OTTAWA – In mid-March, Christine Ilott’s manager broke some bad news to her: she was losing her job in live theatre as a result of the pandemic.
The 47-year-old went home to her basement apartment north of Toronto, walked down the stairs, sat down and took off her shoes. She glanced up the staircase and thought, “I don’t know when I’m leaving here next.”
“And for me, that was absolutely devastating because I love my job. I love working in the theatre. And it just broke my heart.”
As she has searched unsuccessfully for work, and with no sign of theatres reopening in the next few months or longer, she relied on the $500-a-week Canada Emergency Response Benefit. Now, she, like millions of others, will lose the payments as the CERB winds down starting this weekend.
As of a week ago, the CERB had paid out $79.3 billion to 8.8 million people, or roughly two in every five members of the nearly 20.2 million-strong labour force in August.
Benefits were paid upfront, which won’t be the case for Ilott and others in the first wave of those being transferred to the new system: The government says the first payment will come the week of Oct. 11. About 80 percent are expected to receive payments by Oct. 14; a further 10 percent within the first two weeks.
The $500-a-week floor on benefits in EI, or $300 per week floor for new parents using the extended-leave option, will be taxable. Jobless benefits through this EI program will be available for at least 26 weeks, and claimants will be allowed to earn more than they did under the CERB, up to $38,000 annually, before being completely cut off.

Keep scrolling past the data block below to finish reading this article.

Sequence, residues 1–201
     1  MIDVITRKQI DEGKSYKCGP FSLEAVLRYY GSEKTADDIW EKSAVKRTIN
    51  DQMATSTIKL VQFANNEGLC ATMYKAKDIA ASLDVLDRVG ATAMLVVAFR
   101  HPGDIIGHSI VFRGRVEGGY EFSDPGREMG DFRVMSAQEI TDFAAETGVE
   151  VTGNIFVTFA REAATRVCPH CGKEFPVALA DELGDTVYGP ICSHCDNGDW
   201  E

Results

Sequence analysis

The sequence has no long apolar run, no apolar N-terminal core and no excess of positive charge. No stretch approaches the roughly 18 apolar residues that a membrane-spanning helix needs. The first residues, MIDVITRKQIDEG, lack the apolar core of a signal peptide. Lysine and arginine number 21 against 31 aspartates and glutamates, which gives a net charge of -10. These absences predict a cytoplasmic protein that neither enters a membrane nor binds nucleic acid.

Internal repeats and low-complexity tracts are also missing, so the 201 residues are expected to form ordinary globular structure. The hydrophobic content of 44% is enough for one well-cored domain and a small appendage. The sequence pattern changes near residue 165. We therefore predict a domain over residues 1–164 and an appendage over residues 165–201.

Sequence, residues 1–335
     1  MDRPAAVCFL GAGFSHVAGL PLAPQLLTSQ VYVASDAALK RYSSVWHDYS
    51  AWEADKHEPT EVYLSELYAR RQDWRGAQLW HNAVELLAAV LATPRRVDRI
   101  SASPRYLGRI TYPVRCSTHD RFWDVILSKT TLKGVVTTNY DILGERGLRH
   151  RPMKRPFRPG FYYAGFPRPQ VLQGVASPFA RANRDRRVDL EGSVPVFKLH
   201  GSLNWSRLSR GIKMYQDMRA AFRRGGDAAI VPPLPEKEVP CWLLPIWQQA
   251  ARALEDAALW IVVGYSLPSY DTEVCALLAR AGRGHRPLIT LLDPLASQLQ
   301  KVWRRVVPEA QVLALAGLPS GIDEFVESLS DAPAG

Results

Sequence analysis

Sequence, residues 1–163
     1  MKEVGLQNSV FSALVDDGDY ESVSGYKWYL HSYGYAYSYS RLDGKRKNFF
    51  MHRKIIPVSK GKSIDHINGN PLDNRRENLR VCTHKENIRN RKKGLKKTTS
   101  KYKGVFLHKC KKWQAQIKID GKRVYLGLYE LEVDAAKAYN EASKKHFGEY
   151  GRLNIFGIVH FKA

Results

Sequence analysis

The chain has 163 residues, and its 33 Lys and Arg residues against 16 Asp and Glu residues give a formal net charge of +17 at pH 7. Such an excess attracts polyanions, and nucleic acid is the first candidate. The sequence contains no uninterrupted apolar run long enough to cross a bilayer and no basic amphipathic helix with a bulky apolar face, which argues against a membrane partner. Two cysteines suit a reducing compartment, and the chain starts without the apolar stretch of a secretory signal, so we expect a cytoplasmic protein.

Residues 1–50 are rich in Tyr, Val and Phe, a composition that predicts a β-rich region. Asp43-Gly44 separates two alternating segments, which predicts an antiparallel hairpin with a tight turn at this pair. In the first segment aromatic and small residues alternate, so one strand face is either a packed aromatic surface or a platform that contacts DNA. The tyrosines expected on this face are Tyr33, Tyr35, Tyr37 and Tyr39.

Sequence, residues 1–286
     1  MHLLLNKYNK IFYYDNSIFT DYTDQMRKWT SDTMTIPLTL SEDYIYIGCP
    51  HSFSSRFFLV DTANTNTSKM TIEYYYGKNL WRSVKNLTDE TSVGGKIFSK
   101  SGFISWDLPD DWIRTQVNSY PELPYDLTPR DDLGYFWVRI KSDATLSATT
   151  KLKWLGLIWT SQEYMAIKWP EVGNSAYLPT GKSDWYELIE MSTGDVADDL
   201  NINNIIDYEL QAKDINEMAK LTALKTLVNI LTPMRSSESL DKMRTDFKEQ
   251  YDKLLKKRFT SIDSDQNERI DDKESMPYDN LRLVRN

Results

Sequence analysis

Anyone who applied and received the CERB through the CRA would need to apply anew for EI if they qualify. Others who will have to apply to Service Canada are those with temporary 900-series social insurance numbers and self-employed workers who receive benefits through Service Canada.
The Liberals first proposed the new suite of benefits in August, two days after Parliament was prorogued.
The Liberals introduced a bill Thursday in the House of Commons that includes the CERB replacement, called the Canada Recovery Benefit, for everyone who doesn’t qualify for EI.
Putting a floor on benefits equal to that of the CERB is going to mean two million people won’t see their incomes fall, said David Macdonald, a senior economist at the Canadian Centre for Policy Alternatives. Some might even get more on EI than they did on the CERB.
But that largely depends on a smooth transition and making sure no one falls through the cracks, Macdonald said.
“You need the enabling legislation passed for the million people that are going to end up on these new Canada recovery programs, which has not been passed,” he said.
Photo credit: THE CANADIAN PRESS/Giordano Ciampini
News source: The Canadian Press